Not (just) tango therapy!
Get therapy from different sources. Tango can look like an addiction if a person is depressed and relies too much on dance to help his or her mood.
Can you spot the dysphoric tangueras at the milonga? It's not hard to assess the distant stares the sad faces. I do not mean picky tangueras, who want to dance only if it means the partner is musical and listening to her as well. Women have every right to be picky. I mean the rare (but nearly always present) tanguera who sits waiting for her one-tanda prince to come dance with her. The common depressed tanguera, in my experience, is admired by other women for her dancing, but has this burning need to show off the classes, the shoes and the $1000 volcada she purchased. The depressed dancer is often very picky about dancing and sullenly waits for only the best "ride." Please get some therapy, and not just tango therapy! It's not working! You are depressed! Clinically depressed.
For years I have been saying that tango is therapeutic in spite of the many who act as if it is an addictive drug. It is not a drug. Although tango has helped me and countless people to celebrate life and take on the world, tango possibly could cause even more problems for the vulnerable, depressed person. For a moment now, let's imagine together a woman struggling from depression: Her marriage and job have not been going well. Her teen daughter is adding to her stress and depression. The school suggests that the daughter needs therapy. So the woman takes her teen daughter to a psychiatrist. The doctor puts the teen in a study on depression among young females. Soon after, the daughter has a long-lasting intervention that keeps her out of depression. That "intervention" in a recent study was dance. (See this study in Psychiatric News.) Now imagine that the depressed mother decides that she will finally do something for her own depression and she starts dancing tango because of her daughter's good results.
There is a problem here! Tango and dance in a controlled setting can be excellent for many people. It is NOT a first-line therapy for depression in a non-controlled environment. The challenges a depressed person faces in tango include: Gender imbalances (too much sitting and wishing), time away from a husband who doesn't want to dance, less time with her children, lots of time and money to go from being a beginner to an experienced tanguera or to go off to festivals. As a result, tango may be a really terrible choice for her to overcome her depression. In this particular hypothetical example, the chances are high, according to the research, that the mother's depression also was a major cause for her teen's depression. Choosing one or more first-line therapies is very important for her relationship with daughter, her marriage and job. Tango is way down the list on appropriate therapies for clinical depression.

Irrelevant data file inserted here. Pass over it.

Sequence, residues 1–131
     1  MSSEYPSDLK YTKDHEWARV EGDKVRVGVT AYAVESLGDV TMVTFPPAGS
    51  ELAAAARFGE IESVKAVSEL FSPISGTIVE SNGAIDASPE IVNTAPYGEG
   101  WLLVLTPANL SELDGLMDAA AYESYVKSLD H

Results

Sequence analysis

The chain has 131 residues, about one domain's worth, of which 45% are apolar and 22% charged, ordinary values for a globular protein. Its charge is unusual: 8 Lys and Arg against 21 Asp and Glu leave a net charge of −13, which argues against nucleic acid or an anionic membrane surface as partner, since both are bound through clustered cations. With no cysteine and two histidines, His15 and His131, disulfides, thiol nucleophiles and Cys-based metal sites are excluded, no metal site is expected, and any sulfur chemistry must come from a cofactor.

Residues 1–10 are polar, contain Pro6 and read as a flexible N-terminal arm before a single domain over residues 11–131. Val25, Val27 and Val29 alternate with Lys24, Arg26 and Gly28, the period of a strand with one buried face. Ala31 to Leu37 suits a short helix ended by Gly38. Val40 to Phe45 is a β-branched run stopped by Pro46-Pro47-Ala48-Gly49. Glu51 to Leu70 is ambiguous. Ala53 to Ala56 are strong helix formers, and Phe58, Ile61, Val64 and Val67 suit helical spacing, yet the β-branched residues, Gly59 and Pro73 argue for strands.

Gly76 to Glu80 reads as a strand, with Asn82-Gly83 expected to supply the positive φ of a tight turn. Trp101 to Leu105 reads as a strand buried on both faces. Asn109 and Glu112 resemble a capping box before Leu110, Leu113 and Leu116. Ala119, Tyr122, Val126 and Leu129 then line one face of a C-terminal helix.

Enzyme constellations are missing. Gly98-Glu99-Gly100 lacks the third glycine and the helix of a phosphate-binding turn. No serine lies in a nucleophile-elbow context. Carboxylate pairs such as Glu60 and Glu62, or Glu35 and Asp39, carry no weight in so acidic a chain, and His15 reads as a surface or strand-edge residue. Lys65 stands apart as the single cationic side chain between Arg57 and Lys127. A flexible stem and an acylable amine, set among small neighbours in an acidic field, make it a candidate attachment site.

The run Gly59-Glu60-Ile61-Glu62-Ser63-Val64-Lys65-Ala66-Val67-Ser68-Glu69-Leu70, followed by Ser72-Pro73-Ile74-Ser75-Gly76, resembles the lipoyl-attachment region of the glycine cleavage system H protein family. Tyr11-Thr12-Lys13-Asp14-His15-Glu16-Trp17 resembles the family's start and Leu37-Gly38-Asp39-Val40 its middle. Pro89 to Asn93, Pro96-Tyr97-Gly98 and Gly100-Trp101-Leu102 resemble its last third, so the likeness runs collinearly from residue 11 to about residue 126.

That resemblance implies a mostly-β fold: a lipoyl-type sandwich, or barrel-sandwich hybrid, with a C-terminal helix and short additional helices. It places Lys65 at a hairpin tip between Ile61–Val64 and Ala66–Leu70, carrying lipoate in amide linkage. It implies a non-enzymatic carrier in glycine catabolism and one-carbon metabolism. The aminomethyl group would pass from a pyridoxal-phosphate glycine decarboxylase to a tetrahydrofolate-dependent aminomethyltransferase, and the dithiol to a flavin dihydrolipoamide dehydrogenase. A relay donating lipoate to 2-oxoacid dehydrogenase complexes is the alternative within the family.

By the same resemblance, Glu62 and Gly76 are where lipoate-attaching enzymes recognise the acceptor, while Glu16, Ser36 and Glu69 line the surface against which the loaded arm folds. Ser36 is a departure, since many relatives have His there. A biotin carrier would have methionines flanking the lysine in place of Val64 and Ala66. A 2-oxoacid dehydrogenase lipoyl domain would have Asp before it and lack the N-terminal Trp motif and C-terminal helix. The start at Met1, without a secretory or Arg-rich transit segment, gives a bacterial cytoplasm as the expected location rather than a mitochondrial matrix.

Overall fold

Tango by itself would be wonderful. But is it a place to start? There are so many great therapy possibilities for her: Her marriage is at a low and she's anorgasmic. Marriage therapy and a physical? Her work really is terrible and she hasn't the energy to think about other career options. Individual therapy! An antidepressant? Choose one that will help with the smoking habit and not hurt your sex life even more. How about yoga! Exercise! Fresh air! A marriage retreat! NOT tango, or at least not just tango. Isn't this clear? Please don't blame tango as an addiction if you refuse to get specific help. However, if you get help . . . wow! Watch how it changes your tango!
The article in Psychiatric News above was a Swedish study. The dance intervention was for 8 months, comparing another group of girls who did not go to the dance classes. The report says, "The dance group reported better health than the [non-dancing] control group did. A significant difference between the groups remained a year after the intervention had ended." Strangely enough the article's conclusion attributes the "significant difference" mostly to exercise. I know the great effects of exercise (from running around 14 marathons), but the "runner's high" can also be attained by the very slow movements of tai chi or a slow tango (even by oneself). It's as if the researchers just don't get it. But you do, right? Dance is therapeutic.
Hopefully tango is not the only pill in your medicine cabinet.
Photo credit: The photo is from the article cited above.
Blog idea: Thanks to my own personal triple-M psychiatrist, "Mi Milonguera Maria." She sent me the above article from Psychiatric News. Also, thanks Mikko (from Finland) for your challenges to my assertion that tango is therapeutic.